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Dynamic social networks facilitate cooperation in the N-player Prisoner’s Dilemma

Listed author(s):
  • Rezaei, Golriz
  • Kirley, Michael
Registered author(s):

    Understanding how cooperative behaviour evolves in network communities, where the individual members interact via social dilemma games, is an on-going challenge. In this paper, we introduce a social network based model to investigate the evolution of cooperation in the N-player Prisoner’s Dilemma game. As such, this work complements previous studies focused on multi-player social dilemma games and endogenous networks. Agents in our model, employ different game-playing strategies reflecting varying cognitive capacities. When an agent plays cooperatively, a social link is formed with each of the other N−1 group members. Subsequent cooperative actions reinforce this link. However, when an agent defects, the links in the social network are broken. Computational simulations across a range of parameter settings are used to examine different scenarios: varying population and group sizes; the group formation process (or partner selection); and agent decision-making strategies under varying dilemma constraints (cost-to-benefit ratios), including a “discriminator” strategy where the action is based on a function of the weighted links within an agent’s social network. The simulation results show that the proposed social network model is able to evolve and maintain cooperation. As expected, as the value of N increases the equilibrium proportion of cooperators in the population decreases. In addition, this outcome is dependent on the dilemma constraint (cost-to-benefit ratio). However, in some circumstances the dynamic social network plays an increasingly important role in promoting and sustaining cooperation, especially when the agents adopt the discriminator strategy. The adjustment of social links results in the formation of communities of “like-minded” agents. Subsequently, this local optimal behaviour promotes the evolution of cooperative behaviour at the system level.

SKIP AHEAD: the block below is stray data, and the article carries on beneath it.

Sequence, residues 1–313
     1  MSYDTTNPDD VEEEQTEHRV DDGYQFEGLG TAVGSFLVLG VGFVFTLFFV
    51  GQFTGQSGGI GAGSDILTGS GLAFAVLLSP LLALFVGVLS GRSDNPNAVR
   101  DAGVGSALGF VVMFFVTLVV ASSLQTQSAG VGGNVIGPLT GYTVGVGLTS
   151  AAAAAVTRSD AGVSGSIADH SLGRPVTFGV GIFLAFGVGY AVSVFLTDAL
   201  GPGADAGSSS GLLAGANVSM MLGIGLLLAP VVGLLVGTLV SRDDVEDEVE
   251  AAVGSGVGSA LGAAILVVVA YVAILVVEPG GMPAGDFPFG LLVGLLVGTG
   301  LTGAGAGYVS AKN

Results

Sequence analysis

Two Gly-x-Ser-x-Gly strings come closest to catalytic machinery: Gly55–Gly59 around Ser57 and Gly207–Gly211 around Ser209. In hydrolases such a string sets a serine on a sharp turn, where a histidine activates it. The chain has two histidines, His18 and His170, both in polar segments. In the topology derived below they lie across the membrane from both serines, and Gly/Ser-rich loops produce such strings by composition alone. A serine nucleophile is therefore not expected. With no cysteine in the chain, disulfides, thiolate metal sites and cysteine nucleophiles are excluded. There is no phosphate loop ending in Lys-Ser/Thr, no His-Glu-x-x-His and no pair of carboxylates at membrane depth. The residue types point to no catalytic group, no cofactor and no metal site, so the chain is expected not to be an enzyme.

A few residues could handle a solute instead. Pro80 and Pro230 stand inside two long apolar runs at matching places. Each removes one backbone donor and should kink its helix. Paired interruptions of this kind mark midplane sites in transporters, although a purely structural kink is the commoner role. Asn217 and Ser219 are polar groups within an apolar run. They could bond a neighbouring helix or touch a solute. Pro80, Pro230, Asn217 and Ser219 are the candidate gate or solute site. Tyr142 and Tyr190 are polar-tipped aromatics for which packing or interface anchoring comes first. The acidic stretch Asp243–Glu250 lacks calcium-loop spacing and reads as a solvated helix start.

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    Article provided by Elsevier in its journal Physica A: Statistical Mechanics and its Applications.

    Volume (Year): 391 (2012)
    Issue (Month): 23 ()
    Pages: 6199-6211

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    Handle: RePEc:eee:phsmap:v:391:y:2012:i:23:p:6199-6211
    DOI: 10.1016/j.physa.2012.06.071
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    1. Bilancini, Ennio & Boncinelli, Leonardo, 2009. "The co-evolution of cooperation and defection under local interaction and endogenous network formation," Journal of Economic Behavior & Organization, Elsevier, vol. 70(1-2), pages 186-195, May.
    2. Conrad Power, 2009. "A Spatial Agent-Based Model of N-Person Prisoner's Dilemma Cooperation in a Socio-Geographic Community," Journal of Artificial Societies and Social Simulation, Journal of Artificial Societies and Social Simulation, vol. 12(1), pages 1-8.
    3. Jackson, Matthew O. & Watts, Alison, 2002. "On the formation of interaction networks in social coordination games," Games and Economic Behavior, Elsevier, vol. 41(2), pages 265-291, November.
    4. Luthi, Leslie & Pestelacci, Enea & Tomassini, Marco, 2008. "Cooperation and community structure in social networks," Physica A: Statistical Mechanics and its Applications, Elsevier, vol. 387(4), pages 955-966.
    5. Nobuyuki Hanaki & Alexander Peterhansl & Peter S. Dodds & Duncan J. Watts, 2007. "Cooperation in Evolving Social Networks," Management Science, INFORMS, vol. 53(7), pages 1036-1050, July.
    6. Dorogovtsev, S.N. & Mendes, J.F.F., 2003. "Evolution of Networks: From Biological Nets to the Internet and WWW," OUP Catalogue, Oxford University Press, number 9780198515906.
    7. M.A. Nowak & K. Sigmund, 1998. "Evolution of Indirect Reciprocity by Image Scoring/ The Dynamics of Indirect Reciprocity," Working Papers ir98040, International Institute for Applied Systems Analysis.
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